Huang, Y. & Rao, R. P. N. Predictive coding. Wiley Interdiscip. Rev. Cogn. Sci. 2, 580–593 (2011).

    PubMed  Google Scholar 

  51. 51.

    Williams, R. J. Simple statistical gradient-following algorithms for connectionist reinforcement learning. Mach. Learn. 8, 229–256 (1992).

    Google Scholar 

  52. 52.

    Klyubin, A.S., Polani, D. & Nehaniv, C.L. Empowerment: A universal agent-centric measure of control. in 2005 IEEE Congress on Evolutionary Computation 128–135 (IEEE, 2005).

  53. 53.

    Salge, C., Glackin, C. & Polani, D. Empowerment–an introduction. in Guided Self-Organization: Inception (ed. Prokopenko, M.) 67–114 (Springer, 2014).

  54. 54.

    Newell, A. & Simon, H.A. GPS, a Program that Simulates Human Thought. (RAND Corp., 1961).

  55. 55.

    Nguyen, A., Yosinski, J. & Clune, J. Understanding neural networks via feature visualization: a survey. Preprint at arXiv (2019).

  56. 56.

    Kebschull, J. M. et al. High-throughput mapping of single-neuron projections by sequencing of barcoded RNA. Neuron 91, 975–987 (2016).

    CAS  PubMed  PubMed Central  Google Scholar 

  57. 57.

    Kornfeld, J. & Denk, W. Progress and remaining challenges in high-throughput volume electron microscopy. Curr. Opin. Neurobiol. 50, 261–267 (2018).

    CAS  PubMed  Google Scholar 

  58. 58.

    Lillicrap, T. P. & Kording, K. P. What does it mean to understand a neural network? Preprint at arXiv (2019).

  59. 59.

    Olshausen, B. A. & Field, D. J. Natural image statistics and efficient coding. Network 7, 333–339 (1996).

    CAS  PubMed  Google Scholar 

  60. 60.

    Hyvärinen, A. & Oja, E. Simple neuron models for independent component analysis. Int. J. Neural Syst. 7, 671–687 (1996).

    PubMed  Google Scholar 

  61. 61.

    Oja, E. A simplified neuron model as a principal component analyzer. J. Math. Biol. 15, 267–273 (1982).

    CAS  PubMed  Google Scholar 

  62. 62.

    Intrator, N. & Cooper, L. N. Objective function formulation of the BCM theory of visual cortical plasticity: Statistical connections, stability conditions. Neural Netw. 5, 3–17 (1992).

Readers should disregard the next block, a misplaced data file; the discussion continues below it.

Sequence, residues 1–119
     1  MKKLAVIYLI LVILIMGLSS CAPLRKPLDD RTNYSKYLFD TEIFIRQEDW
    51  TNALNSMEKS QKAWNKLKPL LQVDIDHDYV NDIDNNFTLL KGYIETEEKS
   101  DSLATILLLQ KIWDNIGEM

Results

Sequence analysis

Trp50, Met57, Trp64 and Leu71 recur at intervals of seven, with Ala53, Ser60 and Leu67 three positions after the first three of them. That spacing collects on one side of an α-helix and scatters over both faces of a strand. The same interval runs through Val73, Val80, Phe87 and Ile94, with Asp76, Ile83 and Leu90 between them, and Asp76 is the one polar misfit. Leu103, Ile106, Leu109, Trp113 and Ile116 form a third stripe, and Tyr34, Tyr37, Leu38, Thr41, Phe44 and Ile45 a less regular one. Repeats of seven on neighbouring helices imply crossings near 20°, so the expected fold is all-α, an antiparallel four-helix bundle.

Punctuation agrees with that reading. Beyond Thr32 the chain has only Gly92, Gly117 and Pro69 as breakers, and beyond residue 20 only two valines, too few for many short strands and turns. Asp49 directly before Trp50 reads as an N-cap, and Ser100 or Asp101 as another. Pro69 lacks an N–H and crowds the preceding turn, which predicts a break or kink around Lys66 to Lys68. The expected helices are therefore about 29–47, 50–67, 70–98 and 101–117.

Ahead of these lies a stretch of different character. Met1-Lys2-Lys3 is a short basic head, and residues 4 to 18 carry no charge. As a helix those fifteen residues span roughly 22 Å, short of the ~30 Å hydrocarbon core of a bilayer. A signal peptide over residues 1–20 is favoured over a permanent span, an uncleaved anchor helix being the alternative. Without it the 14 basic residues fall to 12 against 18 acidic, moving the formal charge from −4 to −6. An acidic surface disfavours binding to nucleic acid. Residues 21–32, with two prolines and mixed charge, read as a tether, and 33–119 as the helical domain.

Google Scholar 

  63. 63.

    Fiser, A. et al. Experience-dependent spatial expectations in mouse visual cortex. Nat. Neurosci. 19, 1658–1664 (2016).

    CAS  PubMed  Google Scholar 

  64. 64.

    Schultz, W., Dayan, P. & Montague, P. R. A neural substrate of prediction and reward. Science 275, 1593–1599 (1997).

    CAS  PubMed  PubMed Central  Google Scholar 

  65. 65.

    Momennejad, I. et al. The successor representation in human reinforcement learning. Nat. Hum. Behav. 1, 680–692 (2017).

    CAS  PubMed  Google Scholar 

  66. 66.

    Nayebi, A. et al. Task-driven convolutional recurrent models of the visual system. Adv. Neural Inf. Proc. Sys. 31, 5290–5301 (2018).

    Google Scholar 

  67. 67.

    Schrimpf, M. et al. Brain-Score: which artificial neural network for object recognition is most brain-like? Preprint at bioRxiv (2018).

  68. 68.

    Kepecs, A. & Fishell, G. Interneuron cell types are fit to function. Nature 505, 318–326 (2014).

    CAS  PubMed  PubMed Central  Google Scholar 

  69. 69.

    Van Essen, D.C. & Anderson, C.H. Information processing strategies and pathways in the primate visual system. in Neural Networks: Foundations to Applications. An Introduction to Neural and Electronic Networks (eds Zornetzer, S. F., Davis, J. L., Lau, C. & McKenna, T.) 45–76 (Academic Press, 1995).

  70. 70.

    Lindsey, J., Ocko, S. A., Ganguli, S. & Deny, S. A unified theory of early visual representations from retina to cortex through anatomically constrained deep CNNs. in International Conference on Learning Representations (ICLR) Blind Submissions (2019).